A New Bioengineering Plan to Fight Climate Change by “Brightening” Clouds

From the ever-growing “What could possibly go wrong?” file comes word that a group of scientists have proposed a way to fight global warming by making clouds whiter and brighter. No … this isn’t funded by a laundry detergent company, although that’s not a bad idea. They claim brighter clouds will reflect more sunlight, leaving the Earth cooler. Before you start wondering if this involves ‘chemtrails’, they’ve got an answer for that too. Is this the ‘holy grail’ of climate change solutions that doesn’t involve us humans changing our behavior, our pollution, our corporate profits or our politics?

“Led by University of Washington scientists, a team of researchers designed a program to explore marine cloud brightening as a mechanism for cooling climate while simultaneously providing insight about cloud-aerosol effects and their influence on climate.”

As long as it’s not making chemtrails …

The Marine Cloud Brightening (MCB) project is led by University of Washington cloud-aerosol scientist Dr. Robert Wood, and was inspired by a real phenomenon – ships at sea emit exhaust particles (aerosols) which mix with sea salt particles and carry them up to stratocumulus clouds over the ocean, brightening them to levels that cool the ocean below and offset increased levels of CO2. Seen from satellites, these “ship tracks” look suspiciously like airplane contrails (see for yourself here), so the purpose of the MCB Project is to ‘sea salt’ these clouds from ships without harming the atmosphere … or humans.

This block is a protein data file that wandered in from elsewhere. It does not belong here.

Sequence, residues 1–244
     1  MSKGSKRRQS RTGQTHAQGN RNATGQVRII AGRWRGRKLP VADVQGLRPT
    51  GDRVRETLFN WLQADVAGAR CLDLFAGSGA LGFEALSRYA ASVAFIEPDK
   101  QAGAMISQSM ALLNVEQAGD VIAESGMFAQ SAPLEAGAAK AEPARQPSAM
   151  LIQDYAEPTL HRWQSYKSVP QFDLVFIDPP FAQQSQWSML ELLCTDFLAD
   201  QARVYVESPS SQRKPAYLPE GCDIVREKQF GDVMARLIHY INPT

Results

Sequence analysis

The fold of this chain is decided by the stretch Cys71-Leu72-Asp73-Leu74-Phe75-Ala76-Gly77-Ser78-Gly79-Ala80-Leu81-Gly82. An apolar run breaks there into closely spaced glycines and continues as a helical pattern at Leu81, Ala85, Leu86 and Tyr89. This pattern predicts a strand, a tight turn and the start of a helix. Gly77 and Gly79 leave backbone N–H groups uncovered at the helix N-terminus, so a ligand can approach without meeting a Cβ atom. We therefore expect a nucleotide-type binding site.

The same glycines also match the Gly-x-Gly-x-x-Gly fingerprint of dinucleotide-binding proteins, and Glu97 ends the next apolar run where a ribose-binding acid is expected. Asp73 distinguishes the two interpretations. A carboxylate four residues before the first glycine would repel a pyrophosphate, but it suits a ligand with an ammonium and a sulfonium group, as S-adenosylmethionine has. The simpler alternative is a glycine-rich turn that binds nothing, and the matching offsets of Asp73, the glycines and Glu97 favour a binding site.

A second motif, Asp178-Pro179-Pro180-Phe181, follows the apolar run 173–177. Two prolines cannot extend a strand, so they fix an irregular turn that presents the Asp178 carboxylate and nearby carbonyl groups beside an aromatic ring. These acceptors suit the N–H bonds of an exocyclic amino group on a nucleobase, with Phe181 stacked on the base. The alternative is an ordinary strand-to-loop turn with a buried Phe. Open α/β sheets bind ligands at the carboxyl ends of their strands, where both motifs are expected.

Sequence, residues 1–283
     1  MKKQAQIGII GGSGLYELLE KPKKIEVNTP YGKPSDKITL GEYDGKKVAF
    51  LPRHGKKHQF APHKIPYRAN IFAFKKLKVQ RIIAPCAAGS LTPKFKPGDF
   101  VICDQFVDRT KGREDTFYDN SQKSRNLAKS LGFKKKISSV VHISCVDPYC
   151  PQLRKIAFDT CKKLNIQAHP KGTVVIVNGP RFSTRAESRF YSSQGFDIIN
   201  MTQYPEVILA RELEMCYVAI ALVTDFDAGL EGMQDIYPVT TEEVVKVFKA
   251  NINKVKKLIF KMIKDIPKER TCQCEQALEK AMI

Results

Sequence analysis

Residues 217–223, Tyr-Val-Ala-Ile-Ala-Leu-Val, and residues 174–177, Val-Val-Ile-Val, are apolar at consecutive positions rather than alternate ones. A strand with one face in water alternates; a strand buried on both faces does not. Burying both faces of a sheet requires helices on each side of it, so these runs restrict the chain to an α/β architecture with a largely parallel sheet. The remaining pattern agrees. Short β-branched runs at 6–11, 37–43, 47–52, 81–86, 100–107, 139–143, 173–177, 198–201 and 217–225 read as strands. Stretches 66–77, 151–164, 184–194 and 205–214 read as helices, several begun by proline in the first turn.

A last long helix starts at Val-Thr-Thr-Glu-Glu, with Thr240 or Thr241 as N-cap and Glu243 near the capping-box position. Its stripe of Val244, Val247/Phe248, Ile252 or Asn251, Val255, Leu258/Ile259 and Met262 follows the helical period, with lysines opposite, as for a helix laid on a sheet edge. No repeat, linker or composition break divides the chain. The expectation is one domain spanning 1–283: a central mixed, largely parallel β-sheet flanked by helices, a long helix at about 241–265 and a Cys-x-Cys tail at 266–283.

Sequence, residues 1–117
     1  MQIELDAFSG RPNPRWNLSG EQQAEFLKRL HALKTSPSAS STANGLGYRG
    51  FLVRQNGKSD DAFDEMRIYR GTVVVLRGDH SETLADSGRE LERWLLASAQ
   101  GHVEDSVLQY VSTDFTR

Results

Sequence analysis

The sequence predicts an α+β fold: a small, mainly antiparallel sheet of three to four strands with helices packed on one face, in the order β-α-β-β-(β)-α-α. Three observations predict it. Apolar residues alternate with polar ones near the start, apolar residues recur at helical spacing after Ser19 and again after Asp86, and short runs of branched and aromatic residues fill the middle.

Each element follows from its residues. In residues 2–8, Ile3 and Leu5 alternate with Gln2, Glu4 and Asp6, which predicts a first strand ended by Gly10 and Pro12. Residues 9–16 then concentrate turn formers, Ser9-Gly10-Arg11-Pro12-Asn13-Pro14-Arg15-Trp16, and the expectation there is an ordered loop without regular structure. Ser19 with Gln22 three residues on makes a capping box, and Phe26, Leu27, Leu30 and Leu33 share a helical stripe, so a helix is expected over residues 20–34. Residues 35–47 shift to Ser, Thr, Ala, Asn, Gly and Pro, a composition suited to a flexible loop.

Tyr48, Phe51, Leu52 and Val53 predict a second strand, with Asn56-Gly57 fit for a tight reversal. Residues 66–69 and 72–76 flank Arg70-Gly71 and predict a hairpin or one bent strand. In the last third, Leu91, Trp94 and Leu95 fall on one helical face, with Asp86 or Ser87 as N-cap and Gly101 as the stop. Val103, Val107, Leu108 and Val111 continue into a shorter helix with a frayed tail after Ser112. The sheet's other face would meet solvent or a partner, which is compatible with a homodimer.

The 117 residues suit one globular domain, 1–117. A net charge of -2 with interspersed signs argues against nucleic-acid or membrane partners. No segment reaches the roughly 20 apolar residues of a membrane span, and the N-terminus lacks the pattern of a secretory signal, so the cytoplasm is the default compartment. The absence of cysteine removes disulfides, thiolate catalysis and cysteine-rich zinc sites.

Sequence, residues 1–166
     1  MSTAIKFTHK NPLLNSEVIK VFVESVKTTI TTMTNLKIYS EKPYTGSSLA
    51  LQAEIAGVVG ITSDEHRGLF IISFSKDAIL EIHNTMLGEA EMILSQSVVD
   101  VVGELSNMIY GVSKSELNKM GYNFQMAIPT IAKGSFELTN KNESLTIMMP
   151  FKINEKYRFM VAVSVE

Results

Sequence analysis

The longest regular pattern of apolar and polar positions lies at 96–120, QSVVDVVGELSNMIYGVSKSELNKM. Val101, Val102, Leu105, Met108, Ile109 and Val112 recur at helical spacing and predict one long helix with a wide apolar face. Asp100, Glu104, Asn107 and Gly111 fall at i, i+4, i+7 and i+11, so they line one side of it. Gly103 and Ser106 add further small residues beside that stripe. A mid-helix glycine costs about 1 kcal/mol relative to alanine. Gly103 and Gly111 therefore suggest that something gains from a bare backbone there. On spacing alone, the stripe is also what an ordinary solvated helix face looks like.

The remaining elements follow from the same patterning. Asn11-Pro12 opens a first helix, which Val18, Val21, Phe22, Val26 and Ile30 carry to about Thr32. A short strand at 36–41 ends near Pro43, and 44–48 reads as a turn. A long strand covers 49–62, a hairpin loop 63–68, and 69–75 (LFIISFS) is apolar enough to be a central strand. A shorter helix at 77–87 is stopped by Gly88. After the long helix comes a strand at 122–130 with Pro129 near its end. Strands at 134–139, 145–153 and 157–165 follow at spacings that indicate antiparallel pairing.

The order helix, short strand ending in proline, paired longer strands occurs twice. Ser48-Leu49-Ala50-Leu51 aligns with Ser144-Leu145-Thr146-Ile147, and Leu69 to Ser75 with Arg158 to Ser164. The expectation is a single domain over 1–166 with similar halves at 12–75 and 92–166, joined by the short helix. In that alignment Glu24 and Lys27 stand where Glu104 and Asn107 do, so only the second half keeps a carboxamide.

The arguments in favor of ‘sea salting’ clouds starts with the fact that sea water is free and environmentally harmless when it falls back to Earth. Aerosolizing seawater from sea level would use far less energy than cloud seeding by aircraft, resulting in lower costs and less polluting emissions. On the downside, the researchers don’t really know what will happen when they increase the amount of “ship tracks” to levels needed to cool off hotspots like the coast of California, Chile or south-central Africa. To answer the “What could possibly go wrong?” question, the project will entail three phases: aerosol spray development and testing, aerosol process experiments, and cloud-brightening experiments. Each will e fully completed before moving to the next phase, and the project will end if they find out what could possibly go wrong.

What could possibly go wrong?

With California redwood forests in danger of being destroyed by wildfires and coastal coral reefs in danger of dying from heat stress, the need for controlling climate change is urgent. Could a quick fix like “sea salting” clouds give us humans enough time to enact major changes … or will it give us an excuse to kick the climate change ball to another generation?

What could possibly go wrong?

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